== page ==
(this episode directed by Bob Anderson)
Matt Groening has talked about how he feels the less lines needed to convey a character or emotion, the better. This show, and to some extent Futurama, has always hinged on simplistic design, but in an incredibly economical way. A great example is Homer with pantyhose on his head here. Two lines on his forehead to represent the stretching, and his nose being pushed down, and that's it, you perfectly understand what's happening. The second frame is unrelated to this topic, I just love Lard Lad's pose as he comes to life with a Godzilla roar.
I love the framing of this shot, and throughout the episode, of human size vs. Lard Lad size. This donut is literally as big as the Simpson living room, which begs the question of how the hell Homer got it into the house in the first place. No matter though, he can think of no better way to celebrate than stripping down to his skivvies and chugging a beer. He didn't even take the pantyhose off all the way. The shot of Homer answering the door is fantastic, with Lard Lad's stern, angry face taking up nearly the entire doorway. How we just hang on the closed door and just hear the sounds of Lad smashing Flanders' house, realizing Homer lied to him, then storming back is just great. Also, rather than smash the house for lying, he just rings the doorbell again. Homer opens, and it's the same shot, but with a little Ned running by in the background screaming.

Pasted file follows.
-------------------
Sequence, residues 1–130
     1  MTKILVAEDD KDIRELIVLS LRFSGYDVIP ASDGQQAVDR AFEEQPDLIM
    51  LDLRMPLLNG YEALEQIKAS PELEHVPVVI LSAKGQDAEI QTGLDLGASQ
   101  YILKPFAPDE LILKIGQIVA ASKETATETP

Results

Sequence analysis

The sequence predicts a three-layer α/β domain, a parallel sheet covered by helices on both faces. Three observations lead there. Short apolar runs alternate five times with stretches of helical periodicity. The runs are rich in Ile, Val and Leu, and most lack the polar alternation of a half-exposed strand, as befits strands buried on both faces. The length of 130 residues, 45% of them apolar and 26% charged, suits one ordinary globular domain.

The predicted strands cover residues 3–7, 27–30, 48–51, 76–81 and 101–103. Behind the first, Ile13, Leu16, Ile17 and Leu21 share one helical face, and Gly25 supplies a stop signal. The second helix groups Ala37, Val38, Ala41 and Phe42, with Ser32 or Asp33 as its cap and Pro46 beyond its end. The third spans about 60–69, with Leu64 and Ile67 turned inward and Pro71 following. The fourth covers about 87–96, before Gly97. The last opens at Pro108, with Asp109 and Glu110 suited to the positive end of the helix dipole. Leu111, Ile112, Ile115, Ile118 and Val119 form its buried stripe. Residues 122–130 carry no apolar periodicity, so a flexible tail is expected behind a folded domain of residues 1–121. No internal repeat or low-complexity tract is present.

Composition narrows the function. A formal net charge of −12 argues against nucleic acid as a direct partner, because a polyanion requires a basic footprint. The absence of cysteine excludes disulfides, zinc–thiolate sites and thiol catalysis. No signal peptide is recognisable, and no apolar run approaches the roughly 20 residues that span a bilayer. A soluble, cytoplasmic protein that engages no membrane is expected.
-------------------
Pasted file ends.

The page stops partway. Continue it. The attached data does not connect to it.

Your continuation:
I don't care what Lou said, this guy is a monster. Look, he's taller than the buildings! He's no high schooler, he's got to be at least twelve feet tall.
The small touches really make this show great. Lisa sees the copyright stamp on Lard Lad's footprint, and we cut to the ad agency, where we see Lisa's bike parking outside. You didn't need to put it there, but that extra detail communicates how she got there, and also emphasizes while she's clearly smarter than the whole damn town in dealing with this horrible situation, she's still a child needing to rely on her bike. Also, great posters on the wall: "50 Million Cigarette Smokers Can't Be Wrong!" and "If You Like Ike, You'll Love Laramie Septic Tanks!"
This has got to be my favorite Kang and Kodos cameo. It happens so late, so it's so wonderfully random. I love their shit eating grins as they try to win over the rolling donut, but to no avail ("Oh, shazbot!")
Our second segment opens seemingly calm and idyllic, but I love how the dream atmosphere is subtly set up with the painterly backgrounds, so you can already tell something is wrong. Then when Santa's Little Helper gets on his hind legs and starts talking, and Bart does extreme takes like a Tex Avery cartoon, your suspicions are confirmed.
Martin dying is one of the most horrifying things in any Treehouse of Horror. The extreme poses, and Russi Taylor's absolutely blood curdling scream is absolutely unreal. But, of course, it's immediately paired with funny as his frightening corpse is revealed to the class, and then subsequently wheeled into the kindergarten. Only The Simpsons could make traumatizing four-year-olds hysterical.